The German duo Köbberling and Kaltwasser are obsessed with wood, but only as an anachronistic take on contemporary modes of transportation. In the past two years, they’ve built a bulldozer made from discarded panels of the Olympic Village, a mock archway to stand as a finish line made of salvaged wood collected in East London, and a temporary railway station in Marfa, Texas. As part of the recently closed exhibition “Car Culture,” at the ZKM Center for Art and Media in Karlsruhe, Germany–which included works from John Chamberlain, Zaha Hadid, and Hans Hollein to illustrate the art of mobility since the invention of the automobile 125 years ago–Martin Kaltwasser and Folke Köbberling built wooden, life-size replicas of two Porsche Cayenne SUVs that have been smashed in a head-on collision.
Köbberling tells Co.Design that she went to a bunch of car dealerships to figure out how to build their wreck, collecting brochures about different types of SUVs. The Cayenne stood out for two reasons: It got the worst gas mileage of all the ones they saw, and its brochure was most extravagantly produced, including a hardcover version. “It looked like an art catalog,” she says.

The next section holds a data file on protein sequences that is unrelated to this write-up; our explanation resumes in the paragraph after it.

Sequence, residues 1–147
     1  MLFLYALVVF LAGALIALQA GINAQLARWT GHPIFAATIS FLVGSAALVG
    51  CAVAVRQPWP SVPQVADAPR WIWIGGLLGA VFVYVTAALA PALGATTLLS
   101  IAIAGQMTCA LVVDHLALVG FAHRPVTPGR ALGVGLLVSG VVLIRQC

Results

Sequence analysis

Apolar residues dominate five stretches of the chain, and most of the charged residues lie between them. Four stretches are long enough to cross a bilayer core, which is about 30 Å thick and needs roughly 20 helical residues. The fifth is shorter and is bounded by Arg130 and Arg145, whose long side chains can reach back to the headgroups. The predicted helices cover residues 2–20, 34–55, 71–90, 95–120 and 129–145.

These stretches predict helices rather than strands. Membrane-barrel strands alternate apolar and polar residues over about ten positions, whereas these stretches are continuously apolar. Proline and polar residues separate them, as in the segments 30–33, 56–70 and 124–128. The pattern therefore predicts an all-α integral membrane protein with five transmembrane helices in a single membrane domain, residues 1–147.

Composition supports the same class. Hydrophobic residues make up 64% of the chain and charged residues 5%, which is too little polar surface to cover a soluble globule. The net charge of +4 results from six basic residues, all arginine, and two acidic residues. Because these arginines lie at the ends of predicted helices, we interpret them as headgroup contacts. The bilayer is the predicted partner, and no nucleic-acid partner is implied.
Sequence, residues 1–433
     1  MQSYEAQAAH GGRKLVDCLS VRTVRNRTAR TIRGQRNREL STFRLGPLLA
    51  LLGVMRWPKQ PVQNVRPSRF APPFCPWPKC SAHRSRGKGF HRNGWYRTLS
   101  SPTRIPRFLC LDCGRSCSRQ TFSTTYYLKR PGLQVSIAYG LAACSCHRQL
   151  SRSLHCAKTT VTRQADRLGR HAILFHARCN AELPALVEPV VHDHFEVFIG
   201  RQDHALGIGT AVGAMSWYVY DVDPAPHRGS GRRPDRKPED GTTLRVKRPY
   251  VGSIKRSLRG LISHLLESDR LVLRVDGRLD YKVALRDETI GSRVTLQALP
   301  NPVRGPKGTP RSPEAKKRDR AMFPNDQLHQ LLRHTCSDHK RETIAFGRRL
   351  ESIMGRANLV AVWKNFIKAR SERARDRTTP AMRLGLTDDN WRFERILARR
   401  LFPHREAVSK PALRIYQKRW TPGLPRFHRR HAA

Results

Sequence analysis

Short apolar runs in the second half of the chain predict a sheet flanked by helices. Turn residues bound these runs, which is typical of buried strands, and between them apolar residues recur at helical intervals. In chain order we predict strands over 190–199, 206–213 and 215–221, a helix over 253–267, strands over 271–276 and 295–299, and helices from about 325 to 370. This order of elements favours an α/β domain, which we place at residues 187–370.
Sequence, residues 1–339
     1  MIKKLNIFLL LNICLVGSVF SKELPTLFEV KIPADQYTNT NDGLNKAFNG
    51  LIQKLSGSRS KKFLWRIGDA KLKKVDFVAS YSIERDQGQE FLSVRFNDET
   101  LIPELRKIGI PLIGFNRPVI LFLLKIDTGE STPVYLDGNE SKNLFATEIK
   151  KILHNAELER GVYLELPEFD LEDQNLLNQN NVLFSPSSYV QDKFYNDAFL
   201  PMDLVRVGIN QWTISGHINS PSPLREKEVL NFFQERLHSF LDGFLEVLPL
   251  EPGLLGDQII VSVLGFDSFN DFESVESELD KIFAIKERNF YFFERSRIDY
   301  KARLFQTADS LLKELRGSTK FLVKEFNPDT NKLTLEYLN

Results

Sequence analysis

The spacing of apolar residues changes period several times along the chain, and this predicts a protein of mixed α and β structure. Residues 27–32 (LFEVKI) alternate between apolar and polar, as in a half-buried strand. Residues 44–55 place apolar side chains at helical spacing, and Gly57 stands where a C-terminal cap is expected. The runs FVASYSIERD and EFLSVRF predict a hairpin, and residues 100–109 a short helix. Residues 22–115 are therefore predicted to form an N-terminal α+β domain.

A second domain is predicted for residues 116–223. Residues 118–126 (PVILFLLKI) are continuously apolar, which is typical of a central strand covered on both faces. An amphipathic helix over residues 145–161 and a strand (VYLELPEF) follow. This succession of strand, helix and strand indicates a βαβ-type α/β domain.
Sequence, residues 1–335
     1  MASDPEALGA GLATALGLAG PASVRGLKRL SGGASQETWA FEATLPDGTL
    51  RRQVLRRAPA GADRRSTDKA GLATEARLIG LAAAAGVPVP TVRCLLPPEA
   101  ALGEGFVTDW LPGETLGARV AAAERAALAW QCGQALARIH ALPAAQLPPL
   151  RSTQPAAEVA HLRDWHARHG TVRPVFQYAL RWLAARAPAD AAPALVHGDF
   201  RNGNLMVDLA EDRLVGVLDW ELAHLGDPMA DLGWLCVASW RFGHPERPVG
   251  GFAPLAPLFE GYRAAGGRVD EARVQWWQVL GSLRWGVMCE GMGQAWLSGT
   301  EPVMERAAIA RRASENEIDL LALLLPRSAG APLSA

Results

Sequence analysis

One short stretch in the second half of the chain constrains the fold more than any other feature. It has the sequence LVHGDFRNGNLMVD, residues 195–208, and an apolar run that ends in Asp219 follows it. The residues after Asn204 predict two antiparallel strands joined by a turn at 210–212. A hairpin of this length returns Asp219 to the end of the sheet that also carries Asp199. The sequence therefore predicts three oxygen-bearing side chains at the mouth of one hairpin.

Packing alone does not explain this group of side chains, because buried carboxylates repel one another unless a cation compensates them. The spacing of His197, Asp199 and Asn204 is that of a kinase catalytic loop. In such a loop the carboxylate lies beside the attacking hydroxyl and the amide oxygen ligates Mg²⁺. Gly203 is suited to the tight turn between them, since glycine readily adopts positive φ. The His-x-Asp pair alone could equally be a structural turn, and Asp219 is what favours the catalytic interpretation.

To build the piece, the duo used the images from the catalog to make blueprints, which they then projected against a wall to create a life-size paper cutout. But because their studio is so small, the installation was actually constructed on-site for the first time in Graz’s Steirischer Herbst Festival in 2008, coincidentally, the same week that the Austrian Nazi sympathizer Jörg Haider was killed in an automobile crash. “A lot of people thought we prophesied that would happen,” Kaltwasser says wryly.